Hydration Stations Throughout the Library

We hope you’ve noticed that all of the new hydration stations are complete and we now have at least one on each floor. On the first floor, you will find one just outside of Legal Eats, while the second floor is on the right side of the Reading Room. Each of the other floors have a hydration station in the atrium now, so you can refill your water bottles where ever you are.

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CLC Temporarily Closed (10/16 – 10/17)

The Computer Learning Center (CLC) will be temporarily closed Monday, October 16 – Tuesday, October 17 while IST upgrades all 24 computers with new machines.

During this time, please take advantage of the public terminals and printers available throughout the library.  Any questions can be directed to the Reference and Circulation Desks.

We appreciate your patience and understanding!

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Following the Supreme Court?

The library maintains a research guide on the Supreme Court and has recently subscribed to Proquest Supreme Court Insight, offering you unparalleled resources for research into the U.S. Supreme Court. Access decisions, records and briefs, petitions for writ and more. Please feel free to ask a librarian if you have any questions when using these resources.

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Outside construction update – main doors

The waterproofing work going on outside at the front of the library has a schedule change.  Rather than partially blocking off entrance doors for weeks at a time, all of the work at the main entrance will be done during the upcoming few days:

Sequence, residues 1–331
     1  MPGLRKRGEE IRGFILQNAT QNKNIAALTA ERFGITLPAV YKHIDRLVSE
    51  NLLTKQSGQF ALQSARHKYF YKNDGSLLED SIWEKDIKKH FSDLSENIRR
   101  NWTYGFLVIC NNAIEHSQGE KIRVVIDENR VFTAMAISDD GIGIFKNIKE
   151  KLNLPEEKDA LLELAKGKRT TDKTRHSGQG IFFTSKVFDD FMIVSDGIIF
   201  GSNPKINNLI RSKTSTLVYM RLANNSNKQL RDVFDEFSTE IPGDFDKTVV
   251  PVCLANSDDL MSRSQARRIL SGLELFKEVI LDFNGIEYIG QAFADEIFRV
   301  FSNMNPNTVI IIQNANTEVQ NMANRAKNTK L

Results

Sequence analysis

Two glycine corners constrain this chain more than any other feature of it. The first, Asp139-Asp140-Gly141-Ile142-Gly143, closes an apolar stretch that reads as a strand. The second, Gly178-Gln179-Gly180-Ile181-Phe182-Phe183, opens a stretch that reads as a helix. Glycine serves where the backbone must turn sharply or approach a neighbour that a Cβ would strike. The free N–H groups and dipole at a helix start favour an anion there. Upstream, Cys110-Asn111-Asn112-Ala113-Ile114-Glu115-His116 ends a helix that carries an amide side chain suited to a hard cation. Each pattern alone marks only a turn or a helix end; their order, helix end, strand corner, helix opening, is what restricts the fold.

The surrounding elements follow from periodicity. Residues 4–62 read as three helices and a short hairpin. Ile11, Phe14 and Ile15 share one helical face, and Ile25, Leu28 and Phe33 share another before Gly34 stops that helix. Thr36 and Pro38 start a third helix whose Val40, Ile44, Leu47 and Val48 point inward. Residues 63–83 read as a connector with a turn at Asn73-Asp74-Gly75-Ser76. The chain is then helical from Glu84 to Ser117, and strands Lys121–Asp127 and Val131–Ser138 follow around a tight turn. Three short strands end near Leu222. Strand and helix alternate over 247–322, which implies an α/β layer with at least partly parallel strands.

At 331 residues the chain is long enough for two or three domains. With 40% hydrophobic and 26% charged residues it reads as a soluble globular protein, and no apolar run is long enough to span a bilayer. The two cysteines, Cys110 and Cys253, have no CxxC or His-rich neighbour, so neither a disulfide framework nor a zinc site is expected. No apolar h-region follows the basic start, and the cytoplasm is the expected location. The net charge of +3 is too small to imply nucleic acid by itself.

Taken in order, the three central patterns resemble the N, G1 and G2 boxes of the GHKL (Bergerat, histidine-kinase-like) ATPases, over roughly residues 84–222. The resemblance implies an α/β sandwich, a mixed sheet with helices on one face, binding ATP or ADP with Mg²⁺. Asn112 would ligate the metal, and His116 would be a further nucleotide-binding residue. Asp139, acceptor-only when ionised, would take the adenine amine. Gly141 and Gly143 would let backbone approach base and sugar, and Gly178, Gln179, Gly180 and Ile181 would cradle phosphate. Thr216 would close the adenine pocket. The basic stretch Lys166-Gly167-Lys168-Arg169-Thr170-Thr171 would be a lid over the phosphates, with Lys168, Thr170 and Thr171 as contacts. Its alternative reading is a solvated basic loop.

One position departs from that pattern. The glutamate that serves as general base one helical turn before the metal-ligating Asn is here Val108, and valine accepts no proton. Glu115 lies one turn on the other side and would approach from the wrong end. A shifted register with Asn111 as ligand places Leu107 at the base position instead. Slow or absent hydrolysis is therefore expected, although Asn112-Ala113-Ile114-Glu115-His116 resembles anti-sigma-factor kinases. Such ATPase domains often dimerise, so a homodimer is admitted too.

• Friday, Sep. 22: the doorway on the east side (closest to New Jersey Ave) of the main entrance will be blocked for the day.  Other entrances will be available;
  • Saturday, Sep. 23:  the doorway in the middle of the main entrance will be blocked for the day.  Other entrances will be available;
  • Monday, Sep. 25: the doorway on the west side (closest to 2nd Street) of the main entrance will be blocked for the day.  Other entrances will be available.

Please also be aware that the trees from the planter on the east patio in front of the library will be removed Sat. morning, Sept. 23 – there may be some chain saw noise from about 8:00 a.m. for an hour or so

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Do you have children?

The library maintains a small collection of children’s books which can be found in the Loewinger Lounge on the left hand side of the Reading Room. We have books for preschoolers and some primary grade books, as well. Feel free to take a book home to your child or if you bring them on campus, feel free to share a book with them in the Loewinger Lounge.

                 

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Law Library Response to 2017 Student Survey

Each spring, the Law Library conducts a survey of our students.  In 2017, 276 students responded to our survey, and we published summary charts of the responses back in April. Now we’re publishing a survey response, to show examples of changes to library facilities, content and services guided by the useful student input.

KIC Scanner & Research Conslutation

We have published the 2017 Law Library Survey Response, where you can see highlights of new hydration stations, new Xerox printers which may also be used for copying, scanning and faxing, the installation of white sound machines in group study rooms, and a new research guide on the history of civil rights in the United States.